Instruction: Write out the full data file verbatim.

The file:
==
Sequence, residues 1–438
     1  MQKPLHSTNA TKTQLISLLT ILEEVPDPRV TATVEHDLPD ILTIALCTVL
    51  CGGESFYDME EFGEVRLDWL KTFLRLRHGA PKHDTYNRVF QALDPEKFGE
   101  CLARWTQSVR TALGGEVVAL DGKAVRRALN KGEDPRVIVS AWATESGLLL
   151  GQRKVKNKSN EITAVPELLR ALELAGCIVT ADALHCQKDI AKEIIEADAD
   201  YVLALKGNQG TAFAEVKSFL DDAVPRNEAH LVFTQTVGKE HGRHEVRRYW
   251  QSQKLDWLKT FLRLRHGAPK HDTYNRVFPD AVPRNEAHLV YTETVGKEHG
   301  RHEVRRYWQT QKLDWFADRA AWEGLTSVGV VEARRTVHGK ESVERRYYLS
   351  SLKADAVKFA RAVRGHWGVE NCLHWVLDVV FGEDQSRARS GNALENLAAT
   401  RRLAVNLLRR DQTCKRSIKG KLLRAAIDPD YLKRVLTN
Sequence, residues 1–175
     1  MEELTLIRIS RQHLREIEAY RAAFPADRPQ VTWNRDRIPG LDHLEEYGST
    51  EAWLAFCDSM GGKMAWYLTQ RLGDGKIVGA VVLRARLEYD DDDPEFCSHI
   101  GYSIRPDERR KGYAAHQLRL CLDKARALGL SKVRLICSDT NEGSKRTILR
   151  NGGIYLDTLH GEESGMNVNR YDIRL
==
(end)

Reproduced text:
Sequence, residues 1–438
     1  MQKPLHSTNA TKTQLISLLT ILEEVPDPRV TATVEHDLPD ILTIALCTVL
    51  CGGESFYDME EFGEVRLDWL KTFLRLRHGA PKHDTYNRVF QALDPEKFGE
   101  CLARWTQSVR TALGGEVVAL DGKAVRRALN KGEDPRVIVS AWATESGLLL
   151  GQRKVKNKSN EITAVPELLR ALELAGCIVT ADALHCQKDI AKEIIEADAD
   201  YVLALKGNQG TAFAEVKSFL DDAVPRNEAH LVFTQTVGKE HGRHEVRRYW
   251  QSQKLDWLKT FLRLRHGAPK HDTYNRVFPD AVPRNEAHLV YTETVGKEHG
   301  RHEVRRYWQT QKLDWFADRA AWEGLTSVGV VEARRTVHGK ESVERRYYLS
   351  SLKADAVKFA RAVRGHWGVE NCLHWVLDVV FGEDQSRARS GNALENLAAT
   401  RRLAVNLLRR DQTCKRSIKG KLLRAAIDPD YLKRVLTN
Sequence, residues 1–175
     1  MEELTLIRIS RQHLREIEAY RAAFPADRPQ VTWNRDRIPG LDHLEEYGST
    51  EAWLAFCDSM GGKMAWYLTQ RLGDGKIVGA VVLRARLEYD DDDPEFCSHI
   101  GYSIRPDERR KGYAAHQLRL CLDKARALGL SKVRLICSDT NEGSKRTILR
   151  NGGIYLDTLH GEESGMNVNR YDIRL